Identity Politics: How the Afro-Latino Festival Affirmed Me

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From July 13th to the 15th, something beautiful was happening in New York City: the Afro-Latino Festival. From the AfroLatin Talks on Friday in the Harlem-based Schomburg Center for Research in Black Culture to the Liberación Film & Wine Festival on Saturday in the Abrons Arts Center to the Outdoor Concert on Sunday in the Brooklyn-based The Well, the Afro-Latino Festival provided awareness, community, and love.

If I had to describe the Afro-Latino Festival in one word it would be beautiful. Beautiful in the way it brings dialogue about issues pertinent to both AfroLatinos here in the U.S. and in Latin America. Beautiful in the way it brings artists and filmmakers from all over to showcase their work. Beautiful in the way it creates a sense of community for some who felt they never had one to begin with.


Day 1: AfroLatin Talks

As I was sitting in the Schomburg Center auditorium listening to the panelists, speak I had this feeling in my gut that I didn’t understand. While I continued to listen, I realized what it was. It was the feeling that I was home.

As a Black Latina navigating between these two spaces, I have been forced to put away aspects of my identity when entering either space. In Black spaces, my Dominican identity is something that becomes background noise. You know it’s there but you’re not quite paying attention to it. In certain Latinx spaces, my Dominican heritage continues to be background noise while my Blackness makes me stand out like a sore thumb. But at the Afro-Latino Festival, I was just me. I didn’t have to feel out of place because someone wouldn’t understand my music choices or taste in food. For once, I did not feel isolated nor did I have to suppress some aspect of my identity. I was just existing and existing as my full self.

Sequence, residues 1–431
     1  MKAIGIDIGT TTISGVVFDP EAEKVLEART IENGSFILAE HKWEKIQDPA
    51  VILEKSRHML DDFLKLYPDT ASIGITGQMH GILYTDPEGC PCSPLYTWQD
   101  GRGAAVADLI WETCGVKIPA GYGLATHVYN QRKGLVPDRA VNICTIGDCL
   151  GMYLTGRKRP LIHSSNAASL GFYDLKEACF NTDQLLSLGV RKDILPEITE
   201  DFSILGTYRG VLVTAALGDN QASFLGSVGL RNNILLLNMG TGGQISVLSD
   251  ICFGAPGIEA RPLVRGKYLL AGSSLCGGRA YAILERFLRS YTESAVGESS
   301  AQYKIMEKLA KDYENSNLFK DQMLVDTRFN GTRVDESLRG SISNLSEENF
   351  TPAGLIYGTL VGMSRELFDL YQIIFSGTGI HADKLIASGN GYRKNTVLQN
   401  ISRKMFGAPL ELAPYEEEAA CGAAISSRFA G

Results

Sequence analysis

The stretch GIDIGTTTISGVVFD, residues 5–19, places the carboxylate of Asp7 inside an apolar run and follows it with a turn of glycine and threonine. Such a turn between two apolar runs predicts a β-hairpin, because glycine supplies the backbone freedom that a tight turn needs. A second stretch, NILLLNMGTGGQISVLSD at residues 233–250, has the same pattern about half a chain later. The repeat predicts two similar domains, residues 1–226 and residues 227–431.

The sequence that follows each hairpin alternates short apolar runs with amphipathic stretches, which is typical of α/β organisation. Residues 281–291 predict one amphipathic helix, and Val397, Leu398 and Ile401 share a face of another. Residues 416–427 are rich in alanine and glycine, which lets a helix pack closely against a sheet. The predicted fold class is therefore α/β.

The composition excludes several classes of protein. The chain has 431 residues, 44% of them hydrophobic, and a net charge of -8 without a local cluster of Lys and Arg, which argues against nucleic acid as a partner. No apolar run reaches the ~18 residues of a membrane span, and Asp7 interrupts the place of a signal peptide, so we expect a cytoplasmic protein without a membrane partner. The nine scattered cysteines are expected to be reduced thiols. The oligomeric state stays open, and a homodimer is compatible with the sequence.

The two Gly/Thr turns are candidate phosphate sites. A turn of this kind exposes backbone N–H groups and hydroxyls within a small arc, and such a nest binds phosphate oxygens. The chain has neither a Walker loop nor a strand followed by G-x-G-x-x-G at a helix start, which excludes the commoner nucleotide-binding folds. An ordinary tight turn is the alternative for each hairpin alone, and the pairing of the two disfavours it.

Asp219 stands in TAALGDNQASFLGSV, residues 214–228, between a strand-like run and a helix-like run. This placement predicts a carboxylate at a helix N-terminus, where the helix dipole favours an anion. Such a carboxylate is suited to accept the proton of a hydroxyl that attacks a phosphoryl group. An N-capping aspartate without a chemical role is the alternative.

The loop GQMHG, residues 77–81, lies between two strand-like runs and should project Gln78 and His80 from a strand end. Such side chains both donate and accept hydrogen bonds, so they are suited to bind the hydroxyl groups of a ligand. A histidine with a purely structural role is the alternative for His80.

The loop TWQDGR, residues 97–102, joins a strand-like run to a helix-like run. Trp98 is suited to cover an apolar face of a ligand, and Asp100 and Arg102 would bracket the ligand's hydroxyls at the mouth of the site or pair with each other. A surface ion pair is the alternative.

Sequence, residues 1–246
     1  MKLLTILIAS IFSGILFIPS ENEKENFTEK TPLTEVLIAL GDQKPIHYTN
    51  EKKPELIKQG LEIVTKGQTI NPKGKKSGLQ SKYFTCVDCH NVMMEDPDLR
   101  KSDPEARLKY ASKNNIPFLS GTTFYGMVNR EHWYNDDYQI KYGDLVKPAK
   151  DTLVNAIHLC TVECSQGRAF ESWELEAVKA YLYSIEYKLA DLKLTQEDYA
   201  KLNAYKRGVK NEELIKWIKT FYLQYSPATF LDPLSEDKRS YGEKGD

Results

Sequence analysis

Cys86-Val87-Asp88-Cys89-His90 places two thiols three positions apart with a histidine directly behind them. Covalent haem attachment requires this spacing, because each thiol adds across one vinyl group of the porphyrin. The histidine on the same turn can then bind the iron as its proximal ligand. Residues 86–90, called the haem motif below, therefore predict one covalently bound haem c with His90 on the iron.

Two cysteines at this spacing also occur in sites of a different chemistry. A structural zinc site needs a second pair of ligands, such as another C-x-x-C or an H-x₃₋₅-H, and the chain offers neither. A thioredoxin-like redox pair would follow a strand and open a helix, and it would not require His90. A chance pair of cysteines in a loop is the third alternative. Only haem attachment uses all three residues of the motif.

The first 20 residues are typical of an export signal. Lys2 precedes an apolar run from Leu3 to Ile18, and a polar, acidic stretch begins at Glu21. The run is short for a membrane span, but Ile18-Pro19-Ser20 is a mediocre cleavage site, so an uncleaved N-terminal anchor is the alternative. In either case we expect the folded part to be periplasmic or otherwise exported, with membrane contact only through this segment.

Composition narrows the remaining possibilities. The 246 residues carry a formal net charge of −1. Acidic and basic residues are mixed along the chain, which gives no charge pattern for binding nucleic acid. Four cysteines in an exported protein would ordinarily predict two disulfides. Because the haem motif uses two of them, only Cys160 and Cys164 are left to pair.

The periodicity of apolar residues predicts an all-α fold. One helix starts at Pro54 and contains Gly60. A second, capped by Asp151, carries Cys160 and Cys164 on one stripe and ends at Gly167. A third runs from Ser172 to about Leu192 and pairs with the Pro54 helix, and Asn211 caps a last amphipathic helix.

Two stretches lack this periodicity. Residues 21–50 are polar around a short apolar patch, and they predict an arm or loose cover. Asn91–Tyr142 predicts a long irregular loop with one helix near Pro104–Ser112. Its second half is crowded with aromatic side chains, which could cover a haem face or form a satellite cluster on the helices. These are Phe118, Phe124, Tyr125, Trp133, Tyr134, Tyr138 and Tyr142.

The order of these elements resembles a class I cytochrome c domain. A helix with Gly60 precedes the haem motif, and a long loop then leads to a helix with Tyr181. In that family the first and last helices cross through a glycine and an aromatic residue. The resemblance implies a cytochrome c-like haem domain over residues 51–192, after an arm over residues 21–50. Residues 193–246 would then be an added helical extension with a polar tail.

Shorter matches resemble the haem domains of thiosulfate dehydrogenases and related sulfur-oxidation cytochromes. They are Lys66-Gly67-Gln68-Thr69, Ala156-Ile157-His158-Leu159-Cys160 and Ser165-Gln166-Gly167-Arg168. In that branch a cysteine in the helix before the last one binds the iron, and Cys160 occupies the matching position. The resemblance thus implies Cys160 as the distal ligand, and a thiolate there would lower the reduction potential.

There’s no way to describe the feeling of being represented and affirmed. I couldn’t even if I tried. What I can do is note how important it is for a space like this to exist.

Day 3: Outdoor Concert

The Afro-Latino Festival was everything and more. (For an in-depth recap of the different days head to my YouTube channel and check out my video.) The space is necessary because it serves as a space of learning, a space of healing, and a space of love. The space is also a reminder of the very real implications of what it means to be AfroLatinx. To many, the dialogue around Afro-Latinos and AfroLatinidad seems like something that started within the last two years. In fact, this dialogue has been every present since enslaved people were brought over to the Americas. Since that moment AfroLatinxs have been actively resisting and declaring pride in their African roots.

I am grateful to Mai-Elka Prado, Amilcar Priestley, and the rest of the team for creating this space year after year. I am grateful to all the beautiful AfroLatinxs I have connected with. I am grateful to all the AfroLatinxs that have lost their lives doing this work and the ones who continue to dedicate themselves.

This festival serves as a reminder that AfroLatinxs are here and proud. AfroLatinxs aren’t new. Afrolatinidad is not a trend. It is an explicit movement within Latin American and its diaspora to proudly declare and affirm our Blackness. We are here. We are Black. We are proud.


Check out the Afro-Latino Festival’s website, and follow them on Instagram and Twitter.


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